immune_bio8-1

immune_bio8-1 - The Immune Response: Learning Objectives...

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The Immune Response: Learning Objectives Define the pathogens the immune system copes with Be familiar with the differences between innate and adaptive immunity Be able to define immune memory and how it is accomplished Understand the concept of clonal selection Separate and understand the roles of cellular and humoral immunity in terms of cells involved, antigen receptors and development Understand the structure and function of the lymph system and traffic of lymphoid cells Understand the mechanisms by which the immune system may fail Be able to define how the immune response may cause disease
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Note to Students The immune response is overwhelmingly complex and is the subject of textbooks and year long courses Please consider this PowerPoint a “required reading” which will substitute for pages 53-57 in R&R (although that is a reasonable review for those who know the area). Do not hesitate to ask us questions about what you do not understand My talk is only a brief overview of this material But you do need some background to understand the next lecture!!!
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The Immune Response: Introduction (1) The Immune system plays an absolutely essential role in the protection of the organism from from pathogens -infectious foreign agents that cause disease. Traditionally pathogens are considered to be: Bacteria Viruses Fungi Parasites (which generally encompass) Unicellular protozoa Worms Insects (occasionally) The immune system also plays a critical role in the production of (and possibly defense against) neoplasia but we will not discuss that in any detail The immune system may lead to disease as a “side-effect” of appropriate function (or as a result of “malfunction”) This area is termed immunopathology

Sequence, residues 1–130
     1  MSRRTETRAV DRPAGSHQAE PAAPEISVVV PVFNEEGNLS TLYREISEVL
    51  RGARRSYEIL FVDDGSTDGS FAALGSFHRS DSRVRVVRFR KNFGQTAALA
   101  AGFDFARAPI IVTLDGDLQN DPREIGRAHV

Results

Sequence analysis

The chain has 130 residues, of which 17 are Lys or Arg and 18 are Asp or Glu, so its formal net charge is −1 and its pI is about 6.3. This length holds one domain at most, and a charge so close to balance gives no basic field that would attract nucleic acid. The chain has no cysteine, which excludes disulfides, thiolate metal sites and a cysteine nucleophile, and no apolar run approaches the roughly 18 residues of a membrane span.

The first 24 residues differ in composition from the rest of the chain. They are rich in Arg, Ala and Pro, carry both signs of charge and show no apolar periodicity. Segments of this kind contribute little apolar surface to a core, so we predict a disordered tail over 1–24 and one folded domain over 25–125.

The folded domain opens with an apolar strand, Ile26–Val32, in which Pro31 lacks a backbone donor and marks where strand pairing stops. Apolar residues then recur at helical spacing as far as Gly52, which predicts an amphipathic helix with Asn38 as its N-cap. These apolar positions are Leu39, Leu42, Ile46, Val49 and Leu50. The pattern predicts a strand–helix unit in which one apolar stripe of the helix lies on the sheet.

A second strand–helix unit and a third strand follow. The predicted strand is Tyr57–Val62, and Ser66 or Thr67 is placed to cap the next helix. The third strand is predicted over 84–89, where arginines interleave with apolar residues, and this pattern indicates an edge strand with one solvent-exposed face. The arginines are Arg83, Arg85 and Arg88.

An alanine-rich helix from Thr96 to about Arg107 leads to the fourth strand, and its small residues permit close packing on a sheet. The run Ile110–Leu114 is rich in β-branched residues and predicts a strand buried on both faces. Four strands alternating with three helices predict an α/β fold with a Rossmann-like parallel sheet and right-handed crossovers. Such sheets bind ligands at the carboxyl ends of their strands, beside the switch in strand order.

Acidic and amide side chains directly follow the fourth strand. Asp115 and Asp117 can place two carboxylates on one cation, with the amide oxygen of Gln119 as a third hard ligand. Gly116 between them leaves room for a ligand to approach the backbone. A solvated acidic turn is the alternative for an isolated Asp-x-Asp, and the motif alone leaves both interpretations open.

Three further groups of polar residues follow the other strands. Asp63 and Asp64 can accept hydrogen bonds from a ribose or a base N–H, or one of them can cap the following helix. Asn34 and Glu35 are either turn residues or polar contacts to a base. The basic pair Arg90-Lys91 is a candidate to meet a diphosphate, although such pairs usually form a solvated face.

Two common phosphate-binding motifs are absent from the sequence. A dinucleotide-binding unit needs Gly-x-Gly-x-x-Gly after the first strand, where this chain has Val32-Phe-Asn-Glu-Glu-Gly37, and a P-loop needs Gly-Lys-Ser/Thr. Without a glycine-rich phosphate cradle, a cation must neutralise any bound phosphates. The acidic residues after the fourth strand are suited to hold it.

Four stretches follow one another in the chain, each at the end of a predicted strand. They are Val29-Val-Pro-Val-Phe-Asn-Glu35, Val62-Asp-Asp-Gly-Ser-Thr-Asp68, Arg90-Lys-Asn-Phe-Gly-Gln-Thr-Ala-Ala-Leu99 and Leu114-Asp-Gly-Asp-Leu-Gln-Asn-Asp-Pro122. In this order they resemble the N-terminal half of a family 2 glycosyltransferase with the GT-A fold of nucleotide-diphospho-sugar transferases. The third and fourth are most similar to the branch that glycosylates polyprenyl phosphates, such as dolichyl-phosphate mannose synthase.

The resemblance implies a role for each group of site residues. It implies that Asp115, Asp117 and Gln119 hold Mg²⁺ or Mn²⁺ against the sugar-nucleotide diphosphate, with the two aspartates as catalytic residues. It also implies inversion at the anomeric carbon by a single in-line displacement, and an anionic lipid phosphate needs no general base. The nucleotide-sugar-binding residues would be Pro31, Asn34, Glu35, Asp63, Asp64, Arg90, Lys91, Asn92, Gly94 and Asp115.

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The Immune Response: “Good &Bad” (2)
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The immune Response: Introduction (2) Evolution has driven the immune system to respond best to those pathogens encountered in the hosts’ natural environment. New pathogens introduced into an environment or movement of the host into a new environment may lead to failure of immune systems Bubonic plague : a possible result of increased trade in textiles and furs from China and Mongolia to Europe in the 14th century Smallpox and measles: introduced into the New World by colonial powers Syphilis: (probably!) introduced into Europe (Italy initially) from the New World in the 16th century AIDS being introduced widely from Central Africa in the 1970s (complex and controversial story) West Nile Virus: (probably) introduced into NYC about 2000 (Bronx Zoo?) Bird Flu….??????? With time both the pathogen and host immune system moderate to reach a balanced accommodation. The pathogen becomes less so; the immune system more so
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Types of Immunity: Innate (Natural) The immune system responds to pathogens using two mechanisms, the innate (sometimes called natural ) and the adaptive immune response (sometimes called
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This note was uploaded on 01/09/2011 for the course PATH 128 taught by Professor Reisner during the Fall '10 term at UNC.

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immune_bio8-1 - The Immune Response: Learning Objectives...

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